To attempt to accommodate for shock or transient forces, many CD-ROM drives use a buffer to which data read from the CD-ROM disc is initially transferred. Specifically, as the head first reads data from the CD-ROM disc, the data is first written to the buffer before forwarding to the ultimate destination. Therefore, data is not truly read in real-time, and should a shock cause the head to jump data tracks while reading data, the head can relocate while data is read from the buffer. Ideally, the head relocates and feeds data to the buffer before the buffer is cleared and there is no lag and no perceived interruption in data transfer.

While certain aspects of the present invention can be utilized within one or more feedback control systems (as will be described), it is preferred that the present invention be used to provide essentially one or more feedforward control systems whereby data storage media (the training set) are rotated and vibrations resulting from the rotation of the data storage media are detected in order to learn the general characteristics of the rotational imbalance of rotating data storage media (learning phase). Subsequently, neural network coefficients are set, and the rotation of a data storage medium and/or the movement of a data head is controlled based on the characteristics learned (control phase). In other words, the vibrations are essentially “predicted” and counter-measures taken in anticipation thereof. This will become more readily apparent by reviewing the following description of the different embodiments of the present invention.

FIGS. 1-5 depict a balance control system 10, or neural network, in a data storage apparatus 12 for learning the vibrations which result from rotating a data storage medium 14 and counteracting the vibrations as data is read therefrom and/or is written thereto. The data storage apparatus 12 may be a CD-ROM drive, and the data storage medium 14 may be a CD-ROM disc. However, the present invention is not limited thereto. For example, the data storage medium 14 need not even be removable, and the data storage apparatus 12 may be a data write device rather than, or in addition to, being a data read device. Still further, the present invention may be applied in association with both optical and magnetic data storage systems.

If the data storage apparatus 12 is a CD-ROM drive, the data storage apparatus 12 includes a chuck and spindle assembly (not shown) or some other appropriate means to hold and rotate the data storage medium 14. The balance control system 10 includes at least one balancing actuator 16 contactable with the rotating data storage medium 14. Specifically, preferably the balance control system 10 includes two weighted linear actuators 16 that are positioned perpendicular to one another and are operated generally in, or parallel to, the plane of the rotating data storage medium 14. The actuators 16 are preferably driven, as shown in FIG. 5, with magnitude and phase in opposition to any periodic vibrations resulting from rotating the data storage medium 14, as will be explained more fully later herein. Ideally, the actuators 16 cancel the vibrations to permit a higher storage density media to be used and/or data to be read from or written to the data storage medium 14 without incurring damage to any component of the data storage apparatus 12. Although the drawings depict two actuators 16 for influencing the rotation of the data storage medium 14 in two dimensions, it will become evident that more actuators may be provided to influence the rotation of the data storage medium 14 in the third dimension should vibrations in the third dimension be predicted using, for example, other aspects of the present invention to do so as will become apparent.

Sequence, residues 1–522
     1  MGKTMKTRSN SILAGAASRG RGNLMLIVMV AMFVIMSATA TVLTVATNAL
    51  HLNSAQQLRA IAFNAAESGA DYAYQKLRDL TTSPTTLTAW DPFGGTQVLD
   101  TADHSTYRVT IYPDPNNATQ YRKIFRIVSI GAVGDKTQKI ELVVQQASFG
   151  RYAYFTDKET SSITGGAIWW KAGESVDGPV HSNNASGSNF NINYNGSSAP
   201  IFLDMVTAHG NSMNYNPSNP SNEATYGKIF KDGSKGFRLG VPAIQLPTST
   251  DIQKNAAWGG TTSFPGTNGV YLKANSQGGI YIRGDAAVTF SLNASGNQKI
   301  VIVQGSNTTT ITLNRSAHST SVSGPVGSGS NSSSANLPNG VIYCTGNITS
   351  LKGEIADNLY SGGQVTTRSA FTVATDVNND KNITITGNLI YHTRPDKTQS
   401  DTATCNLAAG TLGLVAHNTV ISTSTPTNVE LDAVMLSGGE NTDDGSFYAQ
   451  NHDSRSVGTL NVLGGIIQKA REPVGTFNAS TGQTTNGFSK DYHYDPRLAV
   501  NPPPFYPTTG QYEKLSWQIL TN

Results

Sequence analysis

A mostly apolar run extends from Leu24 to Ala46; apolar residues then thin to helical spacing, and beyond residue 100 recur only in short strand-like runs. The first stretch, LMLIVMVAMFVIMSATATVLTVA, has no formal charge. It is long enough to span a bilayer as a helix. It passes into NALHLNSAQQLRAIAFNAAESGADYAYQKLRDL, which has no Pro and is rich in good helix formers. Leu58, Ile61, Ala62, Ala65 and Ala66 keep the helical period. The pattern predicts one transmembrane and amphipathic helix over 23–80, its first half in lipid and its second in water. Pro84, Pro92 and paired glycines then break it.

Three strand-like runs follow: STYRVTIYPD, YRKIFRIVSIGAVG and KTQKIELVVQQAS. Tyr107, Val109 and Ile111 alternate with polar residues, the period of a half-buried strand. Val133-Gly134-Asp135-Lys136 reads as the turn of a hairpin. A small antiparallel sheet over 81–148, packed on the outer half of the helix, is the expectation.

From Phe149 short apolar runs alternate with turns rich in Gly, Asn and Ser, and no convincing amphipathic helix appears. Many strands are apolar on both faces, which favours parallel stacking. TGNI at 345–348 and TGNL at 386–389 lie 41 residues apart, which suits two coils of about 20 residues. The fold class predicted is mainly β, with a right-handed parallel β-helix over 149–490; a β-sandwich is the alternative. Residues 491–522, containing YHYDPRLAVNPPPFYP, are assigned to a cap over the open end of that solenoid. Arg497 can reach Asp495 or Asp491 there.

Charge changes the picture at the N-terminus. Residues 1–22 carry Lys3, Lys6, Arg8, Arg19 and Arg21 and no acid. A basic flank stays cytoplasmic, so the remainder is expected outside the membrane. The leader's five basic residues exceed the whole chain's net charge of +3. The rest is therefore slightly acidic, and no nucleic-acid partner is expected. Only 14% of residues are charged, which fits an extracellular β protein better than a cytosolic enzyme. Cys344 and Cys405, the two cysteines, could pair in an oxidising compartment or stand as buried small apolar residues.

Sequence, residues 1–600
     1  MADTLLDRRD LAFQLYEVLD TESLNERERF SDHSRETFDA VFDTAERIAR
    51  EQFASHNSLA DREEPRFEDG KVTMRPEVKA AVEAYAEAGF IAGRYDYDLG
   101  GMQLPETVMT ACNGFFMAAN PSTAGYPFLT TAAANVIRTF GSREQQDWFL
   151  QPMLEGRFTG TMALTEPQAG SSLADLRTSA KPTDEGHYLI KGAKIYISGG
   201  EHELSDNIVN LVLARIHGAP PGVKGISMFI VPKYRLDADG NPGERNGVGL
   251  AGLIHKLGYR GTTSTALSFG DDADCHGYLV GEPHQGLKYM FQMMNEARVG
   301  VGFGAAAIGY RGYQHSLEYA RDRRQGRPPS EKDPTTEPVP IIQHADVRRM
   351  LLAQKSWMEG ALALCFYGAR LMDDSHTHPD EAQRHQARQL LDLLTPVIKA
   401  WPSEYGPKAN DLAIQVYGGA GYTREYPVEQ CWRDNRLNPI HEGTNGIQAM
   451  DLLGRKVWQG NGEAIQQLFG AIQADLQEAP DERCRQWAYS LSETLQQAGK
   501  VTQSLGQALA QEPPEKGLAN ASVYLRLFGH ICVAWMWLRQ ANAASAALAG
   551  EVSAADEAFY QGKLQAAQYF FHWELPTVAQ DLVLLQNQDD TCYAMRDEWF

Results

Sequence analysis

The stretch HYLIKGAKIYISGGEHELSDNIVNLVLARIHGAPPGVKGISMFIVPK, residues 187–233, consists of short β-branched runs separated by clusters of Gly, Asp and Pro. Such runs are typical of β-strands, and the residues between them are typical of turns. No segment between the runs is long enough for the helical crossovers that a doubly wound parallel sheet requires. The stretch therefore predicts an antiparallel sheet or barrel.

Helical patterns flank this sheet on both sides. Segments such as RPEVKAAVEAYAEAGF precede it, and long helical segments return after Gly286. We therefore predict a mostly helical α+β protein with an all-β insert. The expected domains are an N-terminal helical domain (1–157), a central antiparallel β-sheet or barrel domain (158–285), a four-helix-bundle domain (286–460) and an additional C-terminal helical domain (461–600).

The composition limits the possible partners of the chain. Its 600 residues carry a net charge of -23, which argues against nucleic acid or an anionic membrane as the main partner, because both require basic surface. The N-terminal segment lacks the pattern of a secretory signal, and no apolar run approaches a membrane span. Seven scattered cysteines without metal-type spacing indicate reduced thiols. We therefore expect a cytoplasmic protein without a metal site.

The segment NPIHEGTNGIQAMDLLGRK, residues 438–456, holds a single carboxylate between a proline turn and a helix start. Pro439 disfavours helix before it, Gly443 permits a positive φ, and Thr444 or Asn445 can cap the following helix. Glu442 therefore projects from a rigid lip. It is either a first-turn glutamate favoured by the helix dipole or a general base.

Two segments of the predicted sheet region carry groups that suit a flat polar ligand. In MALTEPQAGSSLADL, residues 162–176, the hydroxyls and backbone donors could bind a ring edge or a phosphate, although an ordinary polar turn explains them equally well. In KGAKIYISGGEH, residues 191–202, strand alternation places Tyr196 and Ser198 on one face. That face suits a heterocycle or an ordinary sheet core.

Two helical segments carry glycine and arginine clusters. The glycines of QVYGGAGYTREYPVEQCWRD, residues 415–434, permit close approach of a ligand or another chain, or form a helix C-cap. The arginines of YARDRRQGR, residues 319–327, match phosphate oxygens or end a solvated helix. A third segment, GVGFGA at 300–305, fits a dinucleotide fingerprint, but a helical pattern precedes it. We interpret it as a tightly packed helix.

In communicative connection to the actuators 16 is a processor 18. The processor 18 can communicate to the actuators 16 via the connection, and therefore can control the actuators 16, including the phase and magnitude of their movement. The processor 18 is also communicatively connected to control circuitry 20 which is communicatively connected to a tracking mechanism 22. The processor 18 of the present invention need not be actually a “processor” as this term is usually used in the art, but may be essentially any structure that is capable of deriving information from information as will be described. It should also be noted that there may very well be several additional components of the data storage apparatus 12 which are not shown herein, some of which may be between, for example, the actuators 16 and the processor 18, or between other components which are depicted and/or described herein.